The Making of Modern Britain

Imagine, if you will, time being like the letter "Y". You live in the top right-hand bit; Jemima and Patricia live in the top left-hand bit.

If you were to be fortunate enough to be in possession of a time machine, you could go backwards to see what happened in the long straight bit of the letter "Y". If Jemima and Patricia had the equal good fortune to have such a device they could also go backwards to find out what the olden days were really like. If, say they developed a rather improbable fascination with the American Revolution they could pop back to 1776 and watch John Hancock put his over-the-top signature to the Declaration of Independence. If you took your time machine back to the same year, you could wave at Patricia and her friend (before being ejected as undesirables by the wealthy gentlemen signing the Declaration).

If the girls' new extraordinary passion for history were to hold, they might want to go forwards and see the look on MP William Wilberforce's face as the Slave Trade that he had campaigned against all his life was abolished by Britain's parliament in 1807. If you were to choose the same year, you could wave at the girls again: fancy bumping into you a second time in this vast vortex, you might say (before being ejected by the wealthy gentlemen who make Britain's laws).

Then the girls might want to go forwards again and see what happened in 1832.

If you were to arrive in that same year, the girls would start to look a bit see-through to you, just as you would to them. For this year is the top of the stalk of that letter "Y" I've been telling you about. History branches this year. From your point of view this is not the most exciting or well-known period of your history. You may not even be sure why you're here. However, if you're a keen historian you'll know that something with far-reaching consequences happened this year, thanks to Earl Grey. Yes, it's amazing the far-reaching consequences of a cup of tea, isn't it? No, not that kind of Earl Grey: the Prime Minister, Earl Grey. He was a Whig Prime Minister who managed to bring in the Representation of the People Act. Within years of this you're looking at a new Britain: the monarch's been reduced to a mere figurehead; the amount of people eligible to vote has greatly increased; body-snatching has virtually disappeared; children are no longer being hanged for their theft of a hankerchief worth more than a shilling; slavery has been abolished. Within a few decades the Whigs and the Tories have become the Liberals and the Conservatives - political parties which would have been unrecognisable back in the 1830s. This new Britain will evolve and evolve into the one we know today.

However, you won't meet Patricia and Jemima there. No, they live on the parallel branch of the letter "Y". There was no Representation of the People Act in 1832 for them, which is why their history since has been so different.

If I can bring you forwards to their 1860s, President Jefferson Davis won the Southern War of Independence and the Confederate States of America gained their freedom to carry on denying slaves their freedom. They seceded from the United States of America thanks to the interference of the French, the Russians and, of course, the British, all of whom wanted to see the USA split into two unthreatening halves.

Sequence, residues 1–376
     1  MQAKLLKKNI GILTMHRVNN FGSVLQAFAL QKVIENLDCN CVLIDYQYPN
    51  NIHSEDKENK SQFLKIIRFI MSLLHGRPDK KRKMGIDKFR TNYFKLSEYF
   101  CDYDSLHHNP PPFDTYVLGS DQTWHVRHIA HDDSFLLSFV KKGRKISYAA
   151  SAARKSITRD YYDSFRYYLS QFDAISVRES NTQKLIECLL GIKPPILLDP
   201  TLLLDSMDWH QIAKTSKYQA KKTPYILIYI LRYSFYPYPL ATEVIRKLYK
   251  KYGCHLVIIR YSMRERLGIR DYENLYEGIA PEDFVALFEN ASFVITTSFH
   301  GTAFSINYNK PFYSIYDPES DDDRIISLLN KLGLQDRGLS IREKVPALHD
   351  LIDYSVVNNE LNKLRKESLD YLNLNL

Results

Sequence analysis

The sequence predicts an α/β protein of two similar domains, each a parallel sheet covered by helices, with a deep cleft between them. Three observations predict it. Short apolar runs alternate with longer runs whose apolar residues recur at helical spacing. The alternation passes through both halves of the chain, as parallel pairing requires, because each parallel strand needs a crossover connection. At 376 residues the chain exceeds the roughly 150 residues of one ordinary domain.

The Reform Bills of 1867 and beyond never happened in Britain.

New Zealand, being part of the British Empire, did not grant votes to the Maoris and the NZ women in 1893.

Three of Queen Victoria's grandsons (the German Kaiser, the Russian Czar and the British King George V) got together and sorted their differences out in the early 20th century. Result: no First World War.

Without this the Kaiser and his descendants continued to run Germany while the Czar and his descendants held onto Russia..

So no Nazism or Communism, then. But Fascism? Oh, yes: Italy still went Fascist but, unlike in our parallel world, they stayed Fascist.

This means the only true democracy in Jemima's world today is the United States of America, which, if you remember, is comparatively small.

Britain certainly isn't a true democracy: the Queen has a lot of genuine say, as do the House of Lords, and almost nobody has a vote for the one pseudo-democratic element of the whole thing, i.e. the House of Commons. You'll see the same two parties who've been around there for centuries, i.e. the Whigs and the Tories, both utterly unreformed and keen smokers, drinkers and gamblers. There is no secret ballot and votes can - quite legally - be bought for the right price (from the handful of people allowed a vote). There are "rotten boroughs" where the amount of voters is frequently one to ten people.

However, for someone like a Jemima or a Patricia, the particular year you live in - and the particular branch of the letter "Y" - is something you have no real awareness of. You get your mobile 'phone out, chat to your mates, eat enough to bring a grateful tear to the eye of any doughnut-salesman, worry about whether you've done enough washing to last for the next few days and you wonder whether to take the boy opposite you up on the offer he's just made you...

The End

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